Indian-origin cancer researcher knighted by Queen Elizabeth
An Indian-origin cancer research expert has received a Knighthood from Queen Elizabeth II for his "influential" work on prevention and treatment of cancer in the annual New Year's Honours list published here today
London: An Indian-origin cancer research expert has received a Knighthood from Queen Elizabeth II for his "influential" work on prevention and treatment of cancer in the annual New Year's Honours list published here today.
Harpal Singh Kumar, who is the chief executive of Cancer Research UK (CRUK), has been honoured for services to cancer research and being "hugely influential in promoting research into the prevention, early diagnosis and treatment of cancer, and cancer care."
"CRUK's income and research spend are at an all-time high. Under his leadership, it has been instrumental in pushing the government to take further measures to reduce smoking and to ban sun-beds for under-18s," Kumar's citation reads.
"He also chaired the Independent Cancer Taskforce and authored the NHS Cancer Strategy 'Achieving World Class Cancer Outcomes. A Strategy for England 2015-20', published in July 2015," it said.
Queen Elizabeth II
Kumar leads this year's honours list of Indian-origin names, covering fields of entrepreneurship, financial services and community service. "He has been instrumental in setting up the Francis Crick Institute as a world-leading centre of biomedical research and innovation," the citation added.
Samir Desai, founder-CEO of Funding Circle, receives a Commander of the Most Excellent Order of the British Empire (CBE) for his work in the field of financial inclusion and Raminder Singh Ranger, chairman of Sun Mark Ltd, is awarded a CBE for services to business and community cohesion.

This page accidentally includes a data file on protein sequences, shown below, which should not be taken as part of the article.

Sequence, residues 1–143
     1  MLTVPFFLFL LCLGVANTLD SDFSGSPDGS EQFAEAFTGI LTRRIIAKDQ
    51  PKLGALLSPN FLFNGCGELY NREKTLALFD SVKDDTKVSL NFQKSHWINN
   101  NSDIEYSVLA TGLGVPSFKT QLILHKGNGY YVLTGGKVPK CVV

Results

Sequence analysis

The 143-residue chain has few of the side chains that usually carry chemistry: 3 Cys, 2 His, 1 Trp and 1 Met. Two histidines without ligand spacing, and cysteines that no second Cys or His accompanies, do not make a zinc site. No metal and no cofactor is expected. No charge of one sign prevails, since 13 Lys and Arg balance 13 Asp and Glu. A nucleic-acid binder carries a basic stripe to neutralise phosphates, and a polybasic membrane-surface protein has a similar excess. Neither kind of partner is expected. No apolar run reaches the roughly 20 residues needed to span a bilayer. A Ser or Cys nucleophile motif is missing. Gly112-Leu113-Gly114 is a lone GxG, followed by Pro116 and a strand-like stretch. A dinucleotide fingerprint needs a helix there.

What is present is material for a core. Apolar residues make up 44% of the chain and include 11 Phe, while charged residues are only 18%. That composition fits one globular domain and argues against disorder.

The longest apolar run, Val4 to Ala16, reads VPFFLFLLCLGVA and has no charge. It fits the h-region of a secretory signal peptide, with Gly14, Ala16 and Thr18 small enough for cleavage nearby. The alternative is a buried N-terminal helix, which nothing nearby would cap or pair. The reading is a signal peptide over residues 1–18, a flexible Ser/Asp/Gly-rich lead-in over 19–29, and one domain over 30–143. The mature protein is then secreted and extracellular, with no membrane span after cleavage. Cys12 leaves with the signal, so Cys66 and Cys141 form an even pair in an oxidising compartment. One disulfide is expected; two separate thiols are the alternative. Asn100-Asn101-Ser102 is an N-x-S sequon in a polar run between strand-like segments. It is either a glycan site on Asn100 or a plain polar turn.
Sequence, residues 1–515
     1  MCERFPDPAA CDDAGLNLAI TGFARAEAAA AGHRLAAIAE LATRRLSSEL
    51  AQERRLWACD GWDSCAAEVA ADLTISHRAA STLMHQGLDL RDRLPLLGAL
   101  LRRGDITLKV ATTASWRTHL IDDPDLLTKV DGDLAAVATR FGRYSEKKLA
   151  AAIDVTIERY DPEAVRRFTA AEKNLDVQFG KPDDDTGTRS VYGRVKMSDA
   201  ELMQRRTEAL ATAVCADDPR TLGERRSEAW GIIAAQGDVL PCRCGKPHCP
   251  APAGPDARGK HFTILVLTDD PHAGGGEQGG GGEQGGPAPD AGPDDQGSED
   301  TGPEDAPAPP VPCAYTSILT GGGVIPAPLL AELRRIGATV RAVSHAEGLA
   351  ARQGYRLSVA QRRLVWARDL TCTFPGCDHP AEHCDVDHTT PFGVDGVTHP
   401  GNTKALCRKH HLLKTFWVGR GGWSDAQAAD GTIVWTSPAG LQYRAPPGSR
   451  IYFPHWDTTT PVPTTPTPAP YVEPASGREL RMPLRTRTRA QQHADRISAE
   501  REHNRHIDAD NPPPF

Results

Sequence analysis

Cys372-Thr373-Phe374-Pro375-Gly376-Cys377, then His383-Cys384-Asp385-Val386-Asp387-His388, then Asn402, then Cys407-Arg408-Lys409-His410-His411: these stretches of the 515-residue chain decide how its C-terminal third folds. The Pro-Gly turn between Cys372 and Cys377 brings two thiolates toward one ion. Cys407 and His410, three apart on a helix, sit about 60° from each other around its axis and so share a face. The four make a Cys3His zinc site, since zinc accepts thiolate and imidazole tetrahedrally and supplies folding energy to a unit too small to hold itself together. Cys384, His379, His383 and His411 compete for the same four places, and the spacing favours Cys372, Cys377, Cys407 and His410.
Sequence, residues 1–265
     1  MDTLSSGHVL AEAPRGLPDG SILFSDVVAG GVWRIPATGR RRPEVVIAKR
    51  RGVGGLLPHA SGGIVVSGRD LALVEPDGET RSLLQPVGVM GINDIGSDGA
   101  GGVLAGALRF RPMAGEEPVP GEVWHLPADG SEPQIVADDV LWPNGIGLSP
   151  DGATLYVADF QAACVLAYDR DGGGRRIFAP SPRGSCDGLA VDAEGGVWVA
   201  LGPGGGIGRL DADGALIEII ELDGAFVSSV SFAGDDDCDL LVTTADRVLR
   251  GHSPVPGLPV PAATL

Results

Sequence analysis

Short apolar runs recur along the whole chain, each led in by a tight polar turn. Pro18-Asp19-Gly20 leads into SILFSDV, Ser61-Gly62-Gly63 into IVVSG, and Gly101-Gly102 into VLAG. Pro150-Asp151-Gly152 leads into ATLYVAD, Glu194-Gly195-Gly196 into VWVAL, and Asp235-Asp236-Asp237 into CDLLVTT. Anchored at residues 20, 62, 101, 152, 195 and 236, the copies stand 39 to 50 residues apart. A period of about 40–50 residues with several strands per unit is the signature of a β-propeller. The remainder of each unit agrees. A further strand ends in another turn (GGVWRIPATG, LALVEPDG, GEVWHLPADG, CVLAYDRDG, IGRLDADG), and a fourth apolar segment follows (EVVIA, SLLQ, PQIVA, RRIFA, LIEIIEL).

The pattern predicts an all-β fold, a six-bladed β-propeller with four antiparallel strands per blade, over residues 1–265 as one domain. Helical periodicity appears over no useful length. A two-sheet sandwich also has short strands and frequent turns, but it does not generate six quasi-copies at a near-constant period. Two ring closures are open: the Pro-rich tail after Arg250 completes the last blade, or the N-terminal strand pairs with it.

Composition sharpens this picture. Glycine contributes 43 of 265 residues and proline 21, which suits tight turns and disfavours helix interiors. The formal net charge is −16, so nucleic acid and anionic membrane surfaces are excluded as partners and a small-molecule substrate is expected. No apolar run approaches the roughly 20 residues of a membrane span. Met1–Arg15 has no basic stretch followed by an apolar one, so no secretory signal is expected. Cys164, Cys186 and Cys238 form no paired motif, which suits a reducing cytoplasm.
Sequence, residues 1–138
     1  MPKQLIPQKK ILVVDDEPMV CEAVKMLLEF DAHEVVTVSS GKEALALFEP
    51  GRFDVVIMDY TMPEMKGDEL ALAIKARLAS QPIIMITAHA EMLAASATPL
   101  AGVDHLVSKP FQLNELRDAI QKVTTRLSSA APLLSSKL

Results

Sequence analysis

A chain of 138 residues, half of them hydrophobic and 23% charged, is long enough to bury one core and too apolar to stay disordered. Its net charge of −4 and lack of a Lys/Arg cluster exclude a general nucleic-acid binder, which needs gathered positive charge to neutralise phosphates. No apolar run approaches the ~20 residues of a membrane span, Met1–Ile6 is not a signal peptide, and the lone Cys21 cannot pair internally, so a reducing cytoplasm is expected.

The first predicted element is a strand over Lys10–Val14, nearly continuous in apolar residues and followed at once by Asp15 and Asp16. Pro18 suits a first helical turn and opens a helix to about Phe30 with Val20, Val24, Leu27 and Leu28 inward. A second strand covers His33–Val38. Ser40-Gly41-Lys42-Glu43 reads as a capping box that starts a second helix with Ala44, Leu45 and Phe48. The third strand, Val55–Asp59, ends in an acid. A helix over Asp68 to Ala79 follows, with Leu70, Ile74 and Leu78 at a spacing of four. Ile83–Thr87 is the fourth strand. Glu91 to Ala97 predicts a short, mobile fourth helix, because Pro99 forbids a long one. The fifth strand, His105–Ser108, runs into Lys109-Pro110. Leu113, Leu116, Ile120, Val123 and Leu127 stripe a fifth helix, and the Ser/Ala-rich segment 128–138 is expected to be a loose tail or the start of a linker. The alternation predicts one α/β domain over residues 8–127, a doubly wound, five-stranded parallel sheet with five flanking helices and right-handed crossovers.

Among the Officer of the Most Excellent Order of the British Empire (OBE) list are Kala Patel, managing director of Kiddycare Ltd Nurseries, for services to childcare business and Daljit Lally, deputy chief executive of Northumberland Country Council, for services to integrated care. A British Empire Medal has been awarded to Aatin Ashok Anadkat, managing director of Hotel Maiyango in Leicester, for services to entrepreneurship.
The largest Indian-origin representation is among the list of Member of the Most Excellent Order of the British Empire (MBE) which include Rekha Mehr, founder of Indian sweets inspired bakery Pistachio Rose, for services to entrepreneurship and enterprise; Ayesha Hazarika, chief of staff to the Deputy Leader of the Labour Party, for political service.
The other Indian-origins in the list include Gurmeet Kalsi, Building Services Engineer, Palace of Westminster, for parliamentary services and voluntary services to the Sikh community in Surrey. Jayshree Mehta, president of the Bharat Hindu Samaj, for services to the community and Satpal Nahl from Her Majesty's Revenue & Customs (HMRC) for services to taxpayers and public administration.
While Yasmin Mohammed Farooq Nathani, director of Shama Women's Centre, is named for empowerment of women in Leicester; Karnail Singh Pannu is for services to the community in Windsor and Maidenhead.
Mukesh Sharma, managing director of Selective Travel Management, for services to travel trade in Northern Ireland and Suresh Chandra Vashishtha for services to the community in the London Borough of Redbridge.
In total, 1,196 people have received an award in this year's list. In addition to the honours recipients, this year sees three new admissions to the Order of Merit, which is awarded to those who have rendered exceptionally meritorious services towards the advancement of the Arts, Learning, Literature and Science.
The award is in the personal gift from the Queen and is limited to 24 living recipients. This year it went to Iraqi-born Professor Lord Darzi for services to medicine, Professor Dame Ann Dowling for mechanical engineering and Sir James Dyson, of the Dyson vaccum cleaner fame, for his work in industrial design.
There are 578 successful women candidates in the List, representing 48 per cent of the total, and 5.7 per cent of the successful candidates come from ethnic minority backgrounds. The awards are presented in the name of the British monarch and published by the UK government in the London Gazette on New Year's Eve every year.